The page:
Biology PhD candidate goes great lengths to study seal species
Ever since a visit to the aquarium as a child, Brianne Soulen has been fascinated by marine mammals. Her ongoing interest in warm-blooded aquatic life eventually led her to pursue environmental science degrees in college, and after working in her first lab as an undergraduate, Soulen decided to pursue a graduate degree at UNT to study seals. Now she is a PhD candidate currently studying with Aaron Roberts, professor of biological sciences and director of the Advanced Environmental Research Institute.
"I think the big part of what led me on this path were my personal convictions about the importance of marine mammals and a drive to understand how humans impact seal species specifically," Soulen says. "It feels important to give a little bit of a voice to species that can't speak for themselves, especially if they are being subjected to stressors caused by humans."
The focus of Soulen's PhD research is studying persistent organic pollutants in three species of Arctic seals. She works with blubber, serum and blood to look at the accumulation and toxicity of PBDEs (polybrominated diphenyl ethers) within the organism to measure the chemicals' effects. The US National Institute of Health's Library of Medicine describes PBDEs as manufactured, flame-retardant chemicals used in many consumer products, including cell phones, remote controls, personal computers, computer monitors, textiles, electronics and cabinets and enclosures for electronics.
It's no easy task to study seal species in North Texas, but Soulen has gone great lengths to acquire the samples necessary for her research. She is currently working with tissue from seals sampled by colleagues at Fisheries and Oceans Canada in Newfoundland. She has also been working with the Aleut community of St. Paul Island in Alaska to retrieve samples from subsistence-harvested Northern fur seals. In turn, the data collected from the Northern fur seal samples will be shared with the community so they can also track the levels of different toxins in the seals.
"A large portion of my project involves collaborating with people. We don't have a lot (any) seals in Texas, much less Arctic seals, so I rely on collaborating with researchers at other institutions and agencies to provide samples and act as committee members," Soulen says.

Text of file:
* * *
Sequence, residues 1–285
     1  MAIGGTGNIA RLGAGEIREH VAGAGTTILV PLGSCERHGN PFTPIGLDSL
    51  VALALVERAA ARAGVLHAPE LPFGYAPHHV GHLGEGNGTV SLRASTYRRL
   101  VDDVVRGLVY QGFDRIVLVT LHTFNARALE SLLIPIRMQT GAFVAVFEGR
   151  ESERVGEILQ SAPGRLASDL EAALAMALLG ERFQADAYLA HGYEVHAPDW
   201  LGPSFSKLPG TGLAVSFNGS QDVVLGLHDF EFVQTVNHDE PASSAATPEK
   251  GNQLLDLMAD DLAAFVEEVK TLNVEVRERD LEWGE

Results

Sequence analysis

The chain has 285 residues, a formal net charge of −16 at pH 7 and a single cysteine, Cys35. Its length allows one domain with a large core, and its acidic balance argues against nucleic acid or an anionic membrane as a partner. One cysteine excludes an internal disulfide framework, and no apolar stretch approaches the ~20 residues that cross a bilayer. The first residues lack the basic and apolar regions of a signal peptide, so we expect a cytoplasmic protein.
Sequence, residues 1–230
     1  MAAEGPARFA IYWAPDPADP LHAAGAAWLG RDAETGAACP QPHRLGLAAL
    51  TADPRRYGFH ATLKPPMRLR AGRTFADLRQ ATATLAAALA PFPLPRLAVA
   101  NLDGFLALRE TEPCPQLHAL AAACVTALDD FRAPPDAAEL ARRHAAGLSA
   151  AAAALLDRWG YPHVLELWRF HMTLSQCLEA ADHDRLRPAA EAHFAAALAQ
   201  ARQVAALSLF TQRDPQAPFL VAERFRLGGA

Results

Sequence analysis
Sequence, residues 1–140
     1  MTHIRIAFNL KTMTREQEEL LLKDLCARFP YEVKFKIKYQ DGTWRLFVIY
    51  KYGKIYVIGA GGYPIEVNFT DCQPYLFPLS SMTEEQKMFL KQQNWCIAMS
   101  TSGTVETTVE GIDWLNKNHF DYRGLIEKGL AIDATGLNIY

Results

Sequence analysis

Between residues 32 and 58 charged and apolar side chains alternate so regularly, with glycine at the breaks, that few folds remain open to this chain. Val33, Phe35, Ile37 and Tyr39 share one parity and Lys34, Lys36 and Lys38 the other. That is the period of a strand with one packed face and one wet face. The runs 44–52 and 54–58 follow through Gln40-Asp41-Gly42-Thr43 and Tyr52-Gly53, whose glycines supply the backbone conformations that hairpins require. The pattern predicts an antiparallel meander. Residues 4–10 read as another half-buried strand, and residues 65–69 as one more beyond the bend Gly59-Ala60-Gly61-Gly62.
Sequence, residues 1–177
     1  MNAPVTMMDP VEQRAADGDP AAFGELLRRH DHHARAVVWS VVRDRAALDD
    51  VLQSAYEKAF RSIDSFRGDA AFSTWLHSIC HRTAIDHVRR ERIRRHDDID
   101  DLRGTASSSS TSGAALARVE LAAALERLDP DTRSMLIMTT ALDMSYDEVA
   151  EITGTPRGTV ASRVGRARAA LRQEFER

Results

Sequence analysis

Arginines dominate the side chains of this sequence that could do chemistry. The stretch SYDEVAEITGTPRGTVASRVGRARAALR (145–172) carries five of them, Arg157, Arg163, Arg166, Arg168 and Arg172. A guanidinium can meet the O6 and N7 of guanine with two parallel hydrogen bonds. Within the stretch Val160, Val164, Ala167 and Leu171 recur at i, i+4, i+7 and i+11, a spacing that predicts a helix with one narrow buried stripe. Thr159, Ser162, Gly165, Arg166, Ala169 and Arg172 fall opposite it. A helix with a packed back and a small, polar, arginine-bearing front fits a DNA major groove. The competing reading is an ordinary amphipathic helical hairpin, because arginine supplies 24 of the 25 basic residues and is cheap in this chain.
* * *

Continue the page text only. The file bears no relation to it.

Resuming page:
To tackle the expenses needed to procure the supplies from so far away, Brianne recently applied and received a grant from American Wildlife Conservation Foundation, which funds research that enhances wildlife management and conservation of habitats in the United States. They focus on projects that look at wildlife-habitat and human-wildlife relationships in hopes of sustaining those relationships for future generations.
The grant will help cover the costs of supplies to analyze the aforementioned samples from St. Paul Island. Northern fur seals are a threatened species and research that can help sustain the population is also vital for future generations of the native populations that rely on them.
Soulen says that the AERI staff have also played a huge role in helping her secure the funding for her project. "I learned about the American Wildlife Conservation Foundation through working with AERI's grant writer, Kelly Basinger," she says. "Kelly was an integral part in not only helping me find opportunities for funding that I could work on as a graduate student, but also helped me learn how to write a grant proposal."
Soulen hopes to find a job in the academic field when she's completed her degree, and has recently enjoyed mentoring undergraduate biology majors. Her advice for new students in the field of science and ecology is, "Find something you love and pursue it. It won't be easy, but if you are really passionate about something you will put the work in to get there."